Passing the Time
By Anna Vavagiakis & Rachel Cantrell
In this collaborative pair project, we collected and reflected on the things that have helped us pass the time in—as we often hear now—such an unprecedented time.
School and work from home. Classmates, coworkers, and friends on the other side of a screen. Our daily routines turned upside down. With everything we’ve temporarily lost during COVID-19, we’ve suddenly found ourselves with something new: So much time.
We’re Anna (she/her) and Rachel (she/her), a mentee-mentor duo through @girlswritenow, a writing program that brought us together (remotely, of course) in 2020. A pretty interesting time to meet someone new, if you ask us. Want to join in? Send us a DM, and we’ll show you how you can add your story to this zine.
Message in a bottle
Quarantine and the way the state of the whole world is right now has put me in a very difficult place. I have been questioning my self worth, having trouble with my appearance and happiness. During these months I have been most scared, depressed, and anxious I have ever been, especially when I found this bottle.
My parents had seen an opportunity to go on a little vacation and break from New York so we went to New Jersey and rented a house by the beach. One day we were taking a walk and I saw a bottle on the beach and thought it was very cool so I decided to take some pictures. When I was done I walked away from it and my mom had seen what I was doing. She joked and asked if there was a S.O.S. message in it. I smiled and then thought about it so I went and looked at it again and saw that there was a message in it. Very cautiously I opened it and took out the note and It was a note from a teenage girl. She had written many positive things, saying how you belong here, you are worthy and how she loved you.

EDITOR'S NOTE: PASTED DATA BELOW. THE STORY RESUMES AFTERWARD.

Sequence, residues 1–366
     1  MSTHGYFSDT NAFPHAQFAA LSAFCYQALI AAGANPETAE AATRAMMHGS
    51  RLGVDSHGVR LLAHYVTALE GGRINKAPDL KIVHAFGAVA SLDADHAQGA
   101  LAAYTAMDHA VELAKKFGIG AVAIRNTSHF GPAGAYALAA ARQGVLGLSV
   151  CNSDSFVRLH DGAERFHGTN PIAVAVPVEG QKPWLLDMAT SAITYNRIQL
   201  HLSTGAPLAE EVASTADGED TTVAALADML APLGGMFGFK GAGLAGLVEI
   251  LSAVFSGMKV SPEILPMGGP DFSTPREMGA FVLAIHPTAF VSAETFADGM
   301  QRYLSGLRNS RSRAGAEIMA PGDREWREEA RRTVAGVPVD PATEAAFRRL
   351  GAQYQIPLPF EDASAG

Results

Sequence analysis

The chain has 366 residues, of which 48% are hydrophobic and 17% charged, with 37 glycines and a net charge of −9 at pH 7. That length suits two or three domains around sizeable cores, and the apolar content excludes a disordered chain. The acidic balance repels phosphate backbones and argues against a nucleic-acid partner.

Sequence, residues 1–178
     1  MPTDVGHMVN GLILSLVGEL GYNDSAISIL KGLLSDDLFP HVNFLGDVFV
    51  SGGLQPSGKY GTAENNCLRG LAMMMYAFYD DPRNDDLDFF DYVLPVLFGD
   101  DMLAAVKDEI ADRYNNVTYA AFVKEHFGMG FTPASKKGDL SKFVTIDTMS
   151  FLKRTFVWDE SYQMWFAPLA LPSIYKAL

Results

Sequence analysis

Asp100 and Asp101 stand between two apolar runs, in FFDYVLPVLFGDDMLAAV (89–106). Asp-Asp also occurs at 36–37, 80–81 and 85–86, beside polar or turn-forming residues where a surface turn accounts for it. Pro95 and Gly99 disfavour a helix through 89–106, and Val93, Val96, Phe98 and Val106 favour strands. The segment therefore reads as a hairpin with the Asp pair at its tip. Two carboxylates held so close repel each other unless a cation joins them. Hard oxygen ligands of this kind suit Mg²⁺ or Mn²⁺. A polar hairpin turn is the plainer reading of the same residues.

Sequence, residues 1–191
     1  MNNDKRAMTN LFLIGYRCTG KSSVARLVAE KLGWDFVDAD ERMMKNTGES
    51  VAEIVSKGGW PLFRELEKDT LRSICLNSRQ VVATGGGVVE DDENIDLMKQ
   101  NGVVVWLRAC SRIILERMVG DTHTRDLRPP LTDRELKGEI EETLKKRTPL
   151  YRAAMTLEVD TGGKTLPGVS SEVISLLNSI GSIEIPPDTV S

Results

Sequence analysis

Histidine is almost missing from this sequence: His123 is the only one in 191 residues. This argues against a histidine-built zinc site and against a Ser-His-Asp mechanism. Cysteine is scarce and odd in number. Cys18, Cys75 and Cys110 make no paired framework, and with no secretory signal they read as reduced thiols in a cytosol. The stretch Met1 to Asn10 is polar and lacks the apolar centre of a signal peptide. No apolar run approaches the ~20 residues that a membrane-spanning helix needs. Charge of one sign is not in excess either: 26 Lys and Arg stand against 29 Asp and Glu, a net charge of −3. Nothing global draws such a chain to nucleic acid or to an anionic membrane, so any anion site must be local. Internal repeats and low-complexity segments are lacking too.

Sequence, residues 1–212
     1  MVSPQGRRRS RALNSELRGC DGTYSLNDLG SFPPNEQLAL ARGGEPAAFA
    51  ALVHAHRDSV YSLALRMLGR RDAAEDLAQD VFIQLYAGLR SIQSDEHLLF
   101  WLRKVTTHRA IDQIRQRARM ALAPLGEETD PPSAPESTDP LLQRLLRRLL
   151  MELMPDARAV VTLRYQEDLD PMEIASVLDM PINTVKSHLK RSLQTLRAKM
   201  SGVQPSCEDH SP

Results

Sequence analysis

This is one of the greatest things that has happened to me. It is something that normally happens in the movies, and I was amazed. This note is something that has made my month and had made my day. It is something I look back on, reading it really helps me realize that I am loved and that things will get better.
I am a pessimist so I believe that the world isn’t the best place. I am not sure why this is but I know it has something to do with my previous experiences, knowledge, and mental health. This note though, did really change my perspective and made me see some positivity. I am very grateful to this girl and hope she continues to spread positivity. Once I took a picture of the note I put it back in the bottle, hoping someone else will find it and will continue to help people like me who are going through a difficult time.
If you are feeling depressed or are suffering from any form of mental illness please seek help. Know that things will get better, that you are loved and you are so strong.
Please Stay Safe. —Anna
Netflix is basically my best pal nowadays. I spend way too much time on it, and I have watched too many shows—yet still my “Watch Later” list still goes on for miles. I have always found watching movies and tv shows to be freeing and so much fun. I grew up watching old movies with my father, which is where I get my love for them. During this difficult time especially, I like watching a show to keep me away from the real world. Sometimes, I end up getting really emotionally attached to the characters and start yelling at the screen like a crazy person. If I am sad or scared, I watch a show that I have seen 20 times—my comfort shows. If I want to cry it out, I watch a sad movie. Shows have so much—if not too much—power over me, now more than ever. —Anna
During quarantine I have, like everyone, spent most if not all my time in the house. This made me very bored and gave me a lot of time on my hands. I had to come up with some hobbies and fun activities to do, besides sleeping and watching shows, that helped the time pass. One of those hobbies is clay work/sculpting. Me and my mom have started to buy air dry clay that we sculpt with and paint once it’s dry. It is really fun, and I usually do it while I watch a show in the background. I create something for myself or the house, and I have a hobby to pass the time. —Anna
Baking and cooking